‘Freakish’ Peat poised for bright future on the Farm 

click to enlarge next stanford star? - Many recruiting forecasters expected Andrus Peat to sign with Nebraska, where his brother plays football. Instead, Peat signed on with Stanford. - US PRESSWIRE FILE PHOTO
  • us presswire file photo
  • next stanford star?Many recruiting forecasters expected Andrus Peat to sign with Nebraska, where his brother plays football. Instead, Peat signed on with Stanford.

STANFORD —The true freshman out of Corona del Sol High School in Tempe, Ariz., is one of three five-star offensive line recruits making noise in Cardinal camp this summer. While it’s too early to gauge which of these blue chips (including Kyle Murphy and Joshua Garnett) will emerge as the anchor of what some are calling the best offensive line class in college football history, Peat comes in as the most highly touted because of his "freakish" agility.

"You should not be that tall and that young and move the way he does," coach David Shaw said after referring to Peat’s agility as "freakish."

Peat’s size speaks for itself. He’s 6-foot-7, 308 pounds, with room to grow. His father, Todd Peat, was an NFL lineman for six seasons with the Los Angeles Raiders and the Phoenix Cardinals and he would spend roughly 10 hours a week mulling over tape with his son in high school.

But the Sporting News honored Peat as the nation’s top recruit last year (he was ranked No. 8 by MaxPreps and No. 9 by ESPNU) because he has the feet and quickness to be an elite blind-side tackle in the NFL someday. He also started on a high school basketball team that won a state title in Arizona last year.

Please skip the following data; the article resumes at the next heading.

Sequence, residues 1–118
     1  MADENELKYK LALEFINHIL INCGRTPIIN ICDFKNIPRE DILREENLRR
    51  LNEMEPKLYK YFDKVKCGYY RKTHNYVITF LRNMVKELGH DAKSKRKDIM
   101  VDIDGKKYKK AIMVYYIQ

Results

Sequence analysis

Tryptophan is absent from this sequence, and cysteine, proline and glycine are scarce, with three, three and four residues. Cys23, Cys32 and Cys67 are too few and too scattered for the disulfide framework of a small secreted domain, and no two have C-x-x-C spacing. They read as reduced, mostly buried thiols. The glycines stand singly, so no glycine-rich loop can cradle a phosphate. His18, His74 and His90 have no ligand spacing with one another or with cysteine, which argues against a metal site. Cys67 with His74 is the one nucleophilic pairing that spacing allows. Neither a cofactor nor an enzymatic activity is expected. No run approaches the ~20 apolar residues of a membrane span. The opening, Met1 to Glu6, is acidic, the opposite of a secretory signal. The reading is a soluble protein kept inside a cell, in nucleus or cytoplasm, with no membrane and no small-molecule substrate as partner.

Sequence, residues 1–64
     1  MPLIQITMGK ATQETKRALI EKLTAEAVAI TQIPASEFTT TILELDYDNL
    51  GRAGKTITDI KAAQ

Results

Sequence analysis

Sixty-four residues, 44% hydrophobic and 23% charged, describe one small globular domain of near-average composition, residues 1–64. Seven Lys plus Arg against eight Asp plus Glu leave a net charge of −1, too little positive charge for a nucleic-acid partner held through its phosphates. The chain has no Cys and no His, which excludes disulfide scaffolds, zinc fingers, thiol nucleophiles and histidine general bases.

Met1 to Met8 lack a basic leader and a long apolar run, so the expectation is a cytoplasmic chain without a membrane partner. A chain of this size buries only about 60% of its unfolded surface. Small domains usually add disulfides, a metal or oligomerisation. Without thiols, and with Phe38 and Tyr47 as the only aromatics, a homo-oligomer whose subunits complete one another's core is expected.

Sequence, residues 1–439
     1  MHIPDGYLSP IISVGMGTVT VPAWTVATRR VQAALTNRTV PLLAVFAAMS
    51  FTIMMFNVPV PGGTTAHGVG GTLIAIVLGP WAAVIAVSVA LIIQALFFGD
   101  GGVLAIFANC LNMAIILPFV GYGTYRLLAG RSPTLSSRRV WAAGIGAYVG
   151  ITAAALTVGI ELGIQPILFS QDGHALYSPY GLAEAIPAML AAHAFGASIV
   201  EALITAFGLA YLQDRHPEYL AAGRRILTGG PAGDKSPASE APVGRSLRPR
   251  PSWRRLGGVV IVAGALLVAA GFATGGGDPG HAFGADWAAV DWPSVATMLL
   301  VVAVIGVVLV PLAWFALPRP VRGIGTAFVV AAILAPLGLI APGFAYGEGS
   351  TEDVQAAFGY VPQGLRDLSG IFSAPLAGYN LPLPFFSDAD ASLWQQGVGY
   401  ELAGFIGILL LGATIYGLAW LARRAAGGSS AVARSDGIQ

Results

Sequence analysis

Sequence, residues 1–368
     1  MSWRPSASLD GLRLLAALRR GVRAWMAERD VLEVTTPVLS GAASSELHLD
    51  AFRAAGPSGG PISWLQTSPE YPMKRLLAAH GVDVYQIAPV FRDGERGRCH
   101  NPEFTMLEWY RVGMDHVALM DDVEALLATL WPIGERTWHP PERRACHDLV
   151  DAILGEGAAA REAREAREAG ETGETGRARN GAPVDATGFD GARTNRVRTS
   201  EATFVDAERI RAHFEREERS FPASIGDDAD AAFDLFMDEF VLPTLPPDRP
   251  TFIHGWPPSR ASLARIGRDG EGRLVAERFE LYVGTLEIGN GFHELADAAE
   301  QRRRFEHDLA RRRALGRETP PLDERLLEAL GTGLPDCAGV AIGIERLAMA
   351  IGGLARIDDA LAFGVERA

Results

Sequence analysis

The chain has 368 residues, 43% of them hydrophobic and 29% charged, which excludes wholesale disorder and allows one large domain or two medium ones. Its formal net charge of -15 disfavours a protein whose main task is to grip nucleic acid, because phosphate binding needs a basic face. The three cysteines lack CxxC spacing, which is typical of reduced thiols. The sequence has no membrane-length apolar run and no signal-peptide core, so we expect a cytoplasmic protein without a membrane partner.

"When you see him on the basketball court, his footwork is off the charts," Corona del Sol boys’ basketball coach Sammy Duane Jr. said. "When we would switch screens last year, he could get out to the 3-point line, top of the key, and defend a guard."

Peat doesn’t just have the physical tools, though. His high school football coach described him as a cerebral player.

"He’s likes the X’s and O’s, the strategy," coach Tom Joseph said. "I’m sure with the blocking schemes Stanford has, he’s just going to absorb it."

Peat received scholarship offers from every Pac-12 Conference school and most of the major programs in the country last year. His brother, Todd Peat Jr., is a defensive tackle at Nebraska and many recruiters expected Andrus to follow suit.

"I’m kind of a quiet guy, so I think [Stanford] is a perfect fit," Andrus said.

Duane said he caught a glimpse of Peat’s humility during recruiting season last year. He could have easily shrugged off the basketball season, graduated early and headed off to Stanford; instead he stuck with his team.

"He stayed committed to his friends and teammates in basketball through the whole thing," Duane said. "In this day and age, kids don’t do that anymore."

Shaw hasn’t ruled out the possibility that Peat or one of the other true freshmen could start at some point this year.

But Peat, who’s missed some time in camp with a small fracture in his hand, said he’s just focused on catching up right now.

"I think I can play, I’m just adjusting," he said.

Andrus Peat has all the raw tools to be Stanford’s next top-five NFL draft pick. But first he needs to strap on the pads and play a live college football game.

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Paul Gackle

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